Earlier studies of this event have shown other novel spectral features. A paper by Sheffer et al. notes that the spectrum also revealed molecular hydrogen. Again, such a feature is common in the local universe and many other galaxies, but never before has such an observation been made linked to a galaxy in which a GRB has occurred. Molecular hydrogen (as well as other molecular compounds) become disassociated at high temperatures like the ones in galaxies containing large amounts of star formation that would produce regions with large stars capable of triggering GRBs. With observations of one molecule in hand, this lead Sheffer’s team to suspect that there might be large amounts of other molecules, such as carbon monoxide (CO). This too was detected making yet another first for the odd environment of a GRB host.

This unusual environment may help to explain a class of GRBs known as “subluminous optical bursts” or “dark bursts” in which the optical component of the burst (especially the afterglow) is less bright than would be predicted by comparison to more traditional GRBs.

Sources:

Monster in the Dark: The Ultra Luminous GRB 080706 and its Dusty Environment

The Discovery of Vibrationally-Excited H2 In the Molecular Cloud Near GRB 080706

disassociated

Local Interstellar Gas Mapped in 3-D

[/caption]
Astronomers have created a new 3D map of the interstellar gas in the local area around our Sun. “Local” is a relative term, as the map extends to an area of 300 parsecs and provides new absorption measurements towards more than 1800 stars. The group of astronomers, from the US and France, were able to characterize the properties of the interstellar gas within each sight line. The new map will allow astronomers to better understand the interplay between the evolution of stars and their exchange of matter with the ambient interstellar medium.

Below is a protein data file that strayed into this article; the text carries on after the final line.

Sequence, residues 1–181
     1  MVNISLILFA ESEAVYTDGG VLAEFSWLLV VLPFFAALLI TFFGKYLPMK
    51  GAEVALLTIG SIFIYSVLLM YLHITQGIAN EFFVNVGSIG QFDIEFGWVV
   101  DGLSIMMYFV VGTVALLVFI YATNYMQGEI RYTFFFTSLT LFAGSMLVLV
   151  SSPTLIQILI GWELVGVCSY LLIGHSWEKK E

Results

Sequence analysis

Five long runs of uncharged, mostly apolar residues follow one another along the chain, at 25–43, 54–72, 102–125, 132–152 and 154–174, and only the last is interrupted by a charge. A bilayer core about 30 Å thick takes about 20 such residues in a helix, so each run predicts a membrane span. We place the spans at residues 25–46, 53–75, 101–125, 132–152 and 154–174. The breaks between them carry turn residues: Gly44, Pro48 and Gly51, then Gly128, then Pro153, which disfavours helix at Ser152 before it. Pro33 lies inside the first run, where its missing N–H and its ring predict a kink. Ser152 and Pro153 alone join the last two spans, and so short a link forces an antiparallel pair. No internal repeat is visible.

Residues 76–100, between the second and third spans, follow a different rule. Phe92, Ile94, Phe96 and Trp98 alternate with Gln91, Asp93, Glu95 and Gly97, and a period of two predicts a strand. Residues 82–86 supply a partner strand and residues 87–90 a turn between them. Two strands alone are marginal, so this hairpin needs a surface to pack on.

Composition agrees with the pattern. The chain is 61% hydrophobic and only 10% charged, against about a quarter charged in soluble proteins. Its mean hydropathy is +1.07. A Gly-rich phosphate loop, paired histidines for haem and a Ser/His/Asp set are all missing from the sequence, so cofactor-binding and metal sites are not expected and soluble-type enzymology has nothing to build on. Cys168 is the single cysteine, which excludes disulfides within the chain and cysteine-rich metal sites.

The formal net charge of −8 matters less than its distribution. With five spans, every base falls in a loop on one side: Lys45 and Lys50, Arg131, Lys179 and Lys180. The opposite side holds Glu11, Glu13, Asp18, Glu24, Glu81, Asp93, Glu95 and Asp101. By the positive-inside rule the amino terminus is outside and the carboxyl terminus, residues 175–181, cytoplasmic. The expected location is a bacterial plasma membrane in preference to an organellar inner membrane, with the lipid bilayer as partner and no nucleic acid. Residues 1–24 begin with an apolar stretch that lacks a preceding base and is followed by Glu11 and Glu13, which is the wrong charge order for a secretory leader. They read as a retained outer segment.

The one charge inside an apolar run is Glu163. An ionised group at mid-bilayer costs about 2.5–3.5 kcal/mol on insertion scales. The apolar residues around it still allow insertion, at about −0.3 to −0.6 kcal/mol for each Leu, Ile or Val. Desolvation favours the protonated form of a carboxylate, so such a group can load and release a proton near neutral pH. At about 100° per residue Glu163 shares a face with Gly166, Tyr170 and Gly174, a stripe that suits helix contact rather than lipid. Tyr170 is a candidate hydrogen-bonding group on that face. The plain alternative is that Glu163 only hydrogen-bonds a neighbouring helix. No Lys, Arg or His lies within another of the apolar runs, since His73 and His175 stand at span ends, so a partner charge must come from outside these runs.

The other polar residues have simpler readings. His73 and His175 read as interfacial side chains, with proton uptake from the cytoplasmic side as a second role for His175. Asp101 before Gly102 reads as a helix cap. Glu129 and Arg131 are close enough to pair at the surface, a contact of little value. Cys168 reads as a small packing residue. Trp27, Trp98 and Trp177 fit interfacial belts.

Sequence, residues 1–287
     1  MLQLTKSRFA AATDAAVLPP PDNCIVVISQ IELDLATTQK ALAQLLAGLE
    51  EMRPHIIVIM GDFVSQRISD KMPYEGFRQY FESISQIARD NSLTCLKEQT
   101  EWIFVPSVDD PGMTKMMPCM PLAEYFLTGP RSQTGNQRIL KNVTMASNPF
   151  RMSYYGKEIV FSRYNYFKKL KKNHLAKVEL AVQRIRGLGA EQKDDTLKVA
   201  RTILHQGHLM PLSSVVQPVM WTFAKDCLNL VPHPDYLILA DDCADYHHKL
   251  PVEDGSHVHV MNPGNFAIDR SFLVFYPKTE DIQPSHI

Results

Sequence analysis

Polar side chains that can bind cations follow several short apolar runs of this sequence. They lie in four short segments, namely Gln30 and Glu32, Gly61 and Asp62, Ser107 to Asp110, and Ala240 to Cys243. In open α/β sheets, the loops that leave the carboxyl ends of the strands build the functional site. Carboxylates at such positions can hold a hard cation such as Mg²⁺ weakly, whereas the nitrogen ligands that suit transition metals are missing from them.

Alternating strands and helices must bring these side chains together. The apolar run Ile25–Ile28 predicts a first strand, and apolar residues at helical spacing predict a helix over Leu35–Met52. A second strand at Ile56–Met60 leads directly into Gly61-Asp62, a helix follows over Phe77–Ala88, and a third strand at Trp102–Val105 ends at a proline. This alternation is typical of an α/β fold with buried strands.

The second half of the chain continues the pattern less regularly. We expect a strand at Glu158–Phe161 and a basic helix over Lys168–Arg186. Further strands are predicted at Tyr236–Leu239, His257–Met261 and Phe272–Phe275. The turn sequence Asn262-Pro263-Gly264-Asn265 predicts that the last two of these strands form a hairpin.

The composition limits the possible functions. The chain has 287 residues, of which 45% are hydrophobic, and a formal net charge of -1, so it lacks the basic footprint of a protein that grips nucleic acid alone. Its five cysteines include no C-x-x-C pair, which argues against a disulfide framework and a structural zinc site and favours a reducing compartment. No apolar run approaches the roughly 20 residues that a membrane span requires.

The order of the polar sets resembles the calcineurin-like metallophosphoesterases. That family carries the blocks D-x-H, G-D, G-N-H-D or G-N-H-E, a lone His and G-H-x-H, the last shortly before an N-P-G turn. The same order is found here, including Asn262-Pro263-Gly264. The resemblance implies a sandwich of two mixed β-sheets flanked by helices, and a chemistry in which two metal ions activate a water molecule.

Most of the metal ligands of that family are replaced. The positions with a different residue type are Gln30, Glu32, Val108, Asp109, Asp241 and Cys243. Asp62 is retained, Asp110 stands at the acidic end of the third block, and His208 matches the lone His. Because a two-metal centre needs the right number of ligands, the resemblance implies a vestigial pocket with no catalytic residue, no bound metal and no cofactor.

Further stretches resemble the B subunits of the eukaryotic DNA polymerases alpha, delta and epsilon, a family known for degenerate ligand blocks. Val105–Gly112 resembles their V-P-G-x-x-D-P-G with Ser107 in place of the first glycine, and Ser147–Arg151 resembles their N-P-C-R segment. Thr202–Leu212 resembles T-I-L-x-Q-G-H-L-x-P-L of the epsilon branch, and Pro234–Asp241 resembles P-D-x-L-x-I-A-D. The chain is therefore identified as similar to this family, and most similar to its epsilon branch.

The local area around our Sun has been studied with many surveys at various wavelengths, but the whole picture is still far from being either complete or fully understood. Our sun resides in a “cavity” a region of very low-density neutral gas, known as the Local Cavity. Theories of the general interstellar medium require that these large rarefied cavities exist, and astronomers believe the cavities were formed by the combined action of energetic supernova events and the outflowing winds of clusters of hot and young stars. The history of our Local Cavity is still speculative, but astronomers think it was created about 15 million years ago by a series of supernova outbursts, with the last re-heating happening about 3 million years ago.

The team gathered their data primarily from the European Southern Observatory in Chile, and combined it with previously published results. The map (shown above) shows the sodium map of the interstellar gas density within 300 parsecs. The white area surrounding the Sun (at the center of the map) corresponds to the Local Cavity. It is about 80 parsecs in radius in most directions and is surrounded by a highly fragmented “wall” of dense neutral gas. The various gaps in the wall are “interstellar tunnels” and represent rarefied pathways into other surrounding interstellar cavities. Maps of the distribution of calcium have never been made before, and they reveal that the Local Cavity contains numerous filamentary structures of partially ionized gas that appear to form in a honeycomb-like pattern of small interstellar cells.

Source: Astronomy and Astrophysics